What Ballooning Corporate Debt Means for Investors

The comments below are an edited and abridged synopsis of an article by Frank Holmes

David Rosenberg of Canadian wealth management firm Gluskin Sheff and Associates predicts another recession this year. The Fed has been too aggressive, tightening liquidity when corporate debt is at an all-time high. The Trump administration has already enacted fiscal stimulus in the form of tax reform, which has historically been reserved for times of economic turmoil, not expansion.

What Ballooning Corporate Debt Means for Investors | BullionBuzz
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Since the last recession, corporate debt has risen to more than $9 trillion (November 2018), nearly half of US GDP. Each recession going back to the mid-1980s coincided with elevated debt-to-GDP levels.

Through 2023, as much as $4.88 trillion of this debt will mature. Because of higher rates, many companies are having difficulty making interest payments on their debt, which is growing faster than the US economy.

On top of that, the fastest-growing type of debt is riskier BBB-rated bonds—just one step up from junk. Combine this with tighter monetary policy, and it could mean trouble in the coming months.

Business cycles are killed off by the Fed. Charts show that commercial and industrial loan delinquency rates, overlaid by fed fund rates, shifted 10 quarters ahead. This suggests that roughly 10 quarters after the Fed began to tighten, loan delinquencies surge.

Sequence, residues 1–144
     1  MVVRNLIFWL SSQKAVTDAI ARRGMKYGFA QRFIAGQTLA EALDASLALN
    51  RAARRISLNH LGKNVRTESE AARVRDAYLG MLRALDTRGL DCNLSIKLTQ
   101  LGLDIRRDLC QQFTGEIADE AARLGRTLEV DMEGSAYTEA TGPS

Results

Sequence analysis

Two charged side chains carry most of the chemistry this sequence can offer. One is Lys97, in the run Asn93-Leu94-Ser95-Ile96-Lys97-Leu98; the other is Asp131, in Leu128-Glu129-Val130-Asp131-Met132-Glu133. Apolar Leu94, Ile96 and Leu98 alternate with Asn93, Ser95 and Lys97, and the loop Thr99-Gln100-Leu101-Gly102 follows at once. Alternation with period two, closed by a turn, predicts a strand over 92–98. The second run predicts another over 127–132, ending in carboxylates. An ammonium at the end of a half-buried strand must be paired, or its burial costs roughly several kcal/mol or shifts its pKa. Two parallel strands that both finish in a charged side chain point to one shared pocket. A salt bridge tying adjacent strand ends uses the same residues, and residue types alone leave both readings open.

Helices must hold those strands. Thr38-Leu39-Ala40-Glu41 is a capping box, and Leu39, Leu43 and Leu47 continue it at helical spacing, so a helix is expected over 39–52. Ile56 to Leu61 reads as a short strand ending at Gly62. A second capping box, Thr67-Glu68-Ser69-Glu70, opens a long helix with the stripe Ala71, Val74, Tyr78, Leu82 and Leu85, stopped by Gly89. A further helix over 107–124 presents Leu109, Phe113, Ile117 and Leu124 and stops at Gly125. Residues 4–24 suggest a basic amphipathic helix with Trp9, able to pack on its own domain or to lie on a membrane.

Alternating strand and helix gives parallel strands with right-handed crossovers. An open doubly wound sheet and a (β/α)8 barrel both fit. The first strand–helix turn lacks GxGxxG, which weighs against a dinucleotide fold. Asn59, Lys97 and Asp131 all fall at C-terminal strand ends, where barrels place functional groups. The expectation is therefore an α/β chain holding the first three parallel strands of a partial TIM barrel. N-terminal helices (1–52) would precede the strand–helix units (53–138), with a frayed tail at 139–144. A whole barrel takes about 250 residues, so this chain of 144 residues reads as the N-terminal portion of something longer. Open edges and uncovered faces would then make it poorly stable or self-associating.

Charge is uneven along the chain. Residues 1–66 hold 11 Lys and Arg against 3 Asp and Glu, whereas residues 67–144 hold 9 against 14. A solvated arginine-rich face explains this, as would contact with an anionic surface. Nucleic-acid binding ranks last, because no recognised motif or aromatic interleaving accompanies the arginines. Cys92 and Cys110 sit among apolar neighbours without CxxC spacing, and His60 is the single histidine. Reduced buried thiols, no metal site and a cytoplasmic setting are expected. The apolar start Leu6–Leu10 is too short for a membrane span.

The good news is that it’s been more than 10 quarters since the Fed started raising rates in December 2015, and so far there hasn’t been a noticeable increase in delinquencies.

Could this be because the rate hikes this cycle have been small relative to those in past cycles? According to Rosenberg, it’s not the amount that matters so much as the change. Whether rates go up 2% or 0.25%, it can still be a shock to the financial system.

It could be time to consider how to prepare. Rosenberg recommends overweighting fixed-income and REITs. Holmes would add gold to that mix, as it’s performed well as a store of value during economic pullbacks.

Metals Focus, a commodities research group, reports that global gold demand will climb to its highest level in four years. They see gold benefiting from a more dovish Fed and fears of a global economic slowdown.

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